RPKI

IXP Manager V5 supports RPKI validation on the router configuration generated for Bird v2. The best way to fully understand RPKI with IXP Manager is to watch our presentation from APRICOT 2019 or read this article on INEX's website.

RPKI Validator / Local Cache

IXP Manager uses the RPKI-RTR protocol to feed ROAs to the Bird router instances. We recommend you install two of these validators/local caches from different vendors.

Let IXP Manager know where they are by setting the following .env settings:

# IP address and port of the first RPKI local cache:
IXP_RPKI_RTR1_HOST=192.0.2.11
IXP_RPKI_RTR1_PORT=3323

# While not required, we recommend you also install a second validator:
# IXP_RPKI_RTR2_HOST=192.0.2.12
# IXP_RPKI_RTR2_PORT=3323

INEX has installed three local caches. As of May 2019, we would recommend Cloudflare's RPKI Toolkit and NLnetLabs Routinator 3000. We had a number of issues with the current implementation of RIPE's version (excessive disk usage, regularly crashing).

See our installation notes for these:

  1. Cloudflare's RPKI Toolkit.
  2. RIPE NCC RPKI Validator 3.
  3. Routinator 3000.

Revalidation

As it stands, Bird v2.0.4 does not support revalidation of prefixes following ROA updates (i.e. a prefix that was accepted as ROA valid that subsequently becomes ROA unknown / invalid will remain learnt as ROA valid). The Bird developers are working on fixing this. In the interim, you need to schedule a revalidation via cron using a /etc/crontab entry such as:

20 11,23 * * *   root    /usr/sbin/birdc -s /var/run/bird/bird-rs1-ipv4.ctl reload in all >/dev/null

Enabling RPKI

The outline procedure to enable RPKI is below. These notes are written from the perspective that you have existing IXP Manager Bird v1 route servers. If this is a green field site, these notes will work just as well by ignoring the upgrade bits. In either case, it's vital you already understand how to configure routers in IXP Manager.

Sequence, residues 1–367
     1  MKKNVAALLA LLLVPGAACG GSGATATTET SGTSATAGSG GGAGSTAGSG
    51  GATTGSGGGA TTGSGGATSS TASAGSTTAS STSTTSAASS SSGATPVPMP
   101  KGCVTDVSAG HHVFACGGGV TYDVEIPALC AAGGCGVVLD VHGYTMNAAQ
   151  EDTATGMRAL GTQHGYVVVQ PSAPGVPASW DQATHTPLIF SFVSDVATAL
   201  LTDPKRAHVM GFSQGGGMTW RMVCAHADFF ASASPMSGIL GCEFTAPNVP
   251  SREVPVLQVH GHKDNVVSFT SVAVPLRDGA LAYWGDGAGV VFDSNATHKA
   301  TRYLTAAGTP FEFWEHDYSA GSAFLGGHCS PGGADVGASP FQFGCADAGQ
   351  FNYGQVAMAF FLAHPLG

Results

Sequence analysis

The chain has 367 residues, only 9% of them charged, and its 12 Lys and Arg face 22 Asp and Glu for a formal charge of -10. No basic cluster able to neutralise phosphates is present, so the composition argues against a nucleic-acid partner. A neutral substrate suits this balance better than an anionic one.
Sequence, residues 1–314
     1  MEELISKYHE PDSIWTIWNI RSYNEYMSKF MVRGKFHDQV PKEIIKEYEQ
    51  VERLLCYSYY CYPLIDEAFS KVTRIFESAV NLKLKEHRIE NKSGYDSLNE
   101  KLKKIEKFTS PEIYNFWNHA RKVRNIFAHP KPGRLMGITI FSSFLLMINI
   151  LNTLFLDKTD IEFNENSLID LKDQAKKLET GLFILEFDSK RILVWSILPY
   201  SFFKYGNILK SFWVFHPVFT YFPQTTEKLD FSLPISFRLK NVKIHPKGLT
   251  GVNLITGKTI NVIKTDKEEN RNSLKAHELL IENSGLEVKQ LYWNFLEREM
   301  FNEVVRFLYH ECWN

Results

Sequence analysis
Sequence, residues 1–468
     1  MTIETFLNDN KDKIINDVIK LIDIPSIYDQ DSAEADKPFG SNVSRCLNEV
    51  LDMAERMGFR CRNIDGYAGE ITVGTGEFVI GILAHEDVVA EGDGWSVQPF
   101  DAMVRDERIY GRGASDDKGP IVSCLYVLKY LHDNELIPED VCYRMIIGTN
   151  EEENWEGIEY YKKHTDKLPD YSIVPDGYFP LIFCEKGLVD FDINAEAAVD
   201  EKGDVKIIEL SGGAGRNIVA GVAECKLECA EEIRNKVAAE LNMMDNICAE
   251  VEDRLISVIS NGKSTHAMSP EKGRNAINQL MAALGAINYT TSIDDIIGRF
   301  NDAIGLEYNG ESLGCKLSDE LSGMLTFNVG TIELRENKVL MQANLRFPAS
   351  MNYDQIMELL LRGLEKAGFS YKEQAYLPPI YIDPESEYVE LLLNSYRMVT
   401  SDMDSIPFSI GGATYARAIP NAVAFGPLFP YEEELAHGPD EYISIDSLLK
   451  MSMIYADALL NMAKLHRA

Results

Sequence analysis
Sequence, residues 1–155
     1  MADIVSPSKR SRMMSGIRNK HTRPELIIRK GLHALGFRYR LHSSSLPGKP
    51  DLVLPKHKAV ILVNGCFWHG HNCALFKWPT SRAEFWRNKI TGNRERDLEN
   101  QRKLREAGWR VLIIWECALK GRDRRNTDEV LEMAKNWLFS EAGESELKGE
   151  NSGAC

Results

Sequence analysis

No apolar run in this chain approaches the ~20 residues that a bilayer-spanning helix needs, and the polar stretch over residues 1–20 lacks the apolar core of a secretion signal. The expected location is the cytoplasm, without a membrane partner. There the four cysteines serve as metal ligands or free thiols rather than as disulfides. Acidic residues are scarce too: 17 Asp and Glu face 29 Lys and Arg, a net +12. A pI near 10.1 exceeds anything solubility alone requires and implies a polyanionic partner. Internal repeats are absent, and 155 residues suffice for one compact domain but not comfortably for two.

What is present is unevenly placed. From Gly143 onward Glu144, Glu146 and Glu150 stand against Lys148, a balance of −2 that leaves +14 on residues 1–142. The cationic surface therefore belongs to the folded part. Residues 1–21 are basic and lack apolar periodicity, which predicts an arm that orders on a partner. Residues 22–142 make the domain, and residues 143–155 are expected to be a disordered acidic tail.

At INEX we started with our route collector which is a non-service affecting administrative tool. Once we were happy with the stability and results of that, we upgraded our two route servers one week apart in planned announced maintenance windows. We also took the opportunity to perform a distribution upgrade from Ubuntu 16.04 to 18.04.

Start by installing two local caches / validator services as linked above. INEX uses Cloudflare's and Routinator 3000. You should also add these to your production monitoring service.

Once your maintenance window starts, stop the target route server you plan to upgrade. You'll then need to to remove the Bird v1 package (dpkg -r bird on Ubuntu). Once the Bird package is removed, you can perform a distribution upgrade if you wish.

At time of writing (May 2019), there are no Bird v2 packages for Debian or Ubuntu. As such, you need to install from source. Rather than installing a build environment and compiling on each server, you can do this on a single server (a dedicated build box / admin server / etc) and then distribute the package across your route servers / collector:

# Install Ubuntu build packages and libraries Bird requires:
apt install -y build-essential libssh-dev libreadline-dev \
    libncurses-dev flex bison checkinstall

# At time of writing, the latest release was v2.0.4.
# Check for newer versions!
cd /usr/src
wget ftp://bird.network.cz/pub/bird/bird-2.0.4.tar.gz
tar zxf  bird-2.0.4.tar.gz
cd bird-2.0.4/
./configure  --prefix=/usr --sysconfdir=/etc
make -j2
checkinstall -y

The checkinstall tool creates a deb package file: /usr/local/src/bird-2.0.4/bird_2.0.4-1_amd64.deb

NB: for this method to work, you must be running the same operating system and version on the target servers as the build box. For us, it was Ubuntu 18.04 LTS on all systems.

To install on a target machine:

# from build machine
scp bird_2.0.4-1_amd64.deb target-machine:/tmp

# on target machine
apt install -y libssh-dev libreadline-dev libncurses-dev
dpkg -i /tmp/bird_2.0.4-1_amd64.deb

You now need to update your route server record in IXP Manager:

  • set Software to Bird v2 (this is currently informational only);
  • check Enable RPKI filtering;
  • update the template to api/v4/router/server/bird2/standard.

Note that the Bird v2 template uses large BGP communities extensively internally. The option Enable Large BGP Communities / RFC8092 only controls whether your members can use large communities for filtering. It's 2019 - you should really enable this.

As mentioned above, you need to let IXP Manager know where your local caching / validators are by setting the following .env settings:

# IP address and port of the first RPKI local cache:
IXP_RPKI_RTR1_HOST=192.0.2.11
IXP_RPKI_RTR1_PORT=3323

# While not required, we recommend you also install a second validator:
IXP_RPKI_RTR2_HOST=192.0.2.12
IXP_RPKI_RTR2_PORT=3323

Take a look at the generated configuration within IXP Manager now and sanity check it.